ALA1 and PBG2 levels are increased in plasma and urine during acute attacks. Urinary Porphyria bilinogen excretion is usually 220 to 880 umol/d (50 to 200 mg/d) the normal is 0 to 18 umol/d and the urinary for ALA excretion is 150 to 760 umol/d (20 to 100 mg/d) the normal is around 8 to 53 umol/d The excretion of these compounds generally decreases with clinical improvement, particularly after hematin infusions (see below). A normal urinary PBG level effectively excludes AIP as a cause for current symptoms. Fecal porphyrins are usually normal. The test that they do is what is called the Ehrlich Aldehyde Test which is sued to confirm a diagnosis of an acute intermittent porphyria. When they do the test, if a pink color is formed that is indicates a raised in urine concentration of either porphobilinogen or urobilonogen. In cases of raised porphobilinogen, as in acute intermittent porphyria, the pink precipitate is observed to be insoluble in chloroform the renal insufficiency and coagulopathy. Specific symptoms should be treated during an attack.


phenothiazines are useful for nausea, vomiting, anxiety, and restlessness. Chloralhydrate can be given for insomnia, and benzodiazepines are probably safe in low doses, if a minor tranquilizer is required. Although intravenous glucose such at 300

g/d can be effective in acute attacks of porphyria. However, intravenous heme is more effective than glucose in reducing porphyrin precursor excretion and probably leads to more rapid recovery. The response to heme therapy is reduced if delayed. Therefore, 3 to 4 mg of heme, in the form of hematin, heme albumin, or heme arginate may be infused daily for 4 days beginning as soon as possible after onset of an attack. The rate of recovery from an acute attack depends on the degree of neuronal damage and may be rapid as1 to 2 days with prompt therapy. Recovery from severe motor neuropathy may require months or years. Multiple inciting factors may contribute to a symptomatic episode.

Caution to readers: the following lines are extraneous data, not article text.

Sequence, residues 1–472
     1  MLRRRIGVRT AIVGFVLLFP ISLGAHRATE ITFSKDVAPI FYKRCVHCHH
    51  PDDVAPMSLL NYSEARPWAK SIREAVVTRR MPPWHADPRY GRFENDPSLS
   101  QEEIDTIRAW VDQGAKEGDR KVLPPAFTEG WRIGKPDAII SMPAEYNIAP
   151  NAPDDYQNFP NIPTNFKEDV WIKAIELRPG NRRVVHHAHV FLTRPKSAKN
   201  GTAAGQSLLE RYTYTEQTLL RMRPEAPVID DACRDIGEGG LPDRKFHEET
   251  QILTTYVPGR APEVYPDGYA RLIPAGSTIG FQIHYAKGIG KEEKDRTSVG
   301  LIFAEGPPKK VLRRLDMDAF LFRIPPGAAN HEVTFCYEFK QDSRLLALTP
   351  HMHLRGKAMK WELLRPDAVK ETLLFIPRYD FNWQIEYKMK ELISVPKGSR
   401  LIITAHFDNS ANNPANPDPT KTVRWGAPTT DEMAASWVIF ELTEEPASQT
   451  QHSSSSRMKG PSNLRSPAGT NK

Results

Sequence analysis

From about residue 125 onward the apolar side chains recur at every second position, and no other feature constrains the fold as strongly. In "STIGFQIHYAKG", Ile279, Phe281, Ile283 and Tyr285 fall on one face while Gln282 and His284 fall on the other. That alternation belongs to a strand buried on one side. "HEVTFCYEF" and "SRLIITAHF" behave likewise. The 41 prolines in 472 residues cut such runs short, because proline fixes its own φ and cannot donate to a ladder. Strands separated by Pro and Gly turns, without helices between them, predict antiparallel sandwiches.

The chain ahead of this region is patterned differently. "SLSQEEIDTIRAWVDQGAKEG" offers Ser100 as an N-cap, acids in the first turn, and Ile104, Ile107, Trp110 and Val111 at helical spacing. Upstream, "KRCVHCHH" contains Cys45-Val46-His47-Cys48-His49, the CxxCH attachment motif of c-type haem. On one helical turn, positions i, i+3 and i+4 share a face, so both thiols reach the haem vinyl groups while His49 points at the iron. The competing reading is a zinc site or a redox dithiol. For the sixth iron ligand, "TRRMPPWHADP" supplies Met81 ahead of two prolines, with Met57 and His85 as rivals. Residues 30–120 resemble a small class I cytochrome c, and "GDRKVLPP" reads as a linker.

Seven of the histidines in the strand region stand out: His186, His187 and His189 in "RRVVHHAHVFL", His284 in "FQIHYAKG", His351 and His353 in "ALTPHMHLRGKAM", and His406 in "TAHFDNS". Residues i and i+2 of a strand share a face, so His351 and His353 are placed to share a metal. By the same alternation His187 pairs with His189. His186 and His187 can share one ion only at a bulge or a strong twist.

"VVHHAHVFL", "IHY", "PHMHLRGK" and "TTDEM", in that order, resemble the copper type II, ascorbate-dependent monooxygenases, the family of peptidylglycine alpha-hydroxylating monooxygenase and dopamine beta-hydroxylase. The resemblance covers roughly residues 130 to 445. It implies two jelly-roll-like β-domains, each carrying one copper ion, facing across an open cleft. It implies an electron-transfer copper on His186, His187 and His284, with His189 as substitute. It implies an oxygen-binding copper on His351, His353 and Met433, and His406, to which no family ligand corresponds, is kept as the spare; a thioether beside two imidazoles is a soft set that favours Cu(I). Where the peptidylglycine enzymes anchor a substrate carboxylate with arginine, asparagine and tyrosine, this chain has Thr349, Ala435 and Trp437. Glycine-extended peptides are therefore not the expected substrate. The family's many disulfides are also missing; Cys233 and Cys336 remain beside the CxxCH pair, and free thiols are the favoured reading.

Case Study

A 14 year old male presented with one week history of episodic severe abdominal pain associated with vomiting 3 to 4 times a day and dark reddish urine. He developed rapidly progressive weakness in all the four limbs for 2 days prior to hospitalization. In the past, he had 2 episodes of similar abdominal pain along with altered sensorium and generalised epileptic fits but without any weakness of limbs.

Examination revealed a fully conscious, thin built patient with normal pulse and blood pressure. Abdominal examination did not reveal any abnormality. Neurological checkup showed features of flaccid quadriparesis with bilateral foot drop. There was no sensory impairment.

Laboratory investigations showed the TLC of 11,300/cmm with a DLC of P-77%, L-19%, E-3% and M-1%. His hemoglobin was 13.5 gm% and ESR, 27 mm in the 1st hour. Urine was strongly positive for PBG. Urine samples of his parents and sisters were negative for this pigment. CSF was normal. NCV showed features of diffuse neuropathy.He were treated with chlorpromazine, 50 mg three times a day together with other general supportive and symptomatic measures. He had remarkable improvement within a week's time. At the time of discharge from the hospital, the patient was given a card regarding the diagnosis and list of common drugs known to precipitate the acute attacks of porphyria.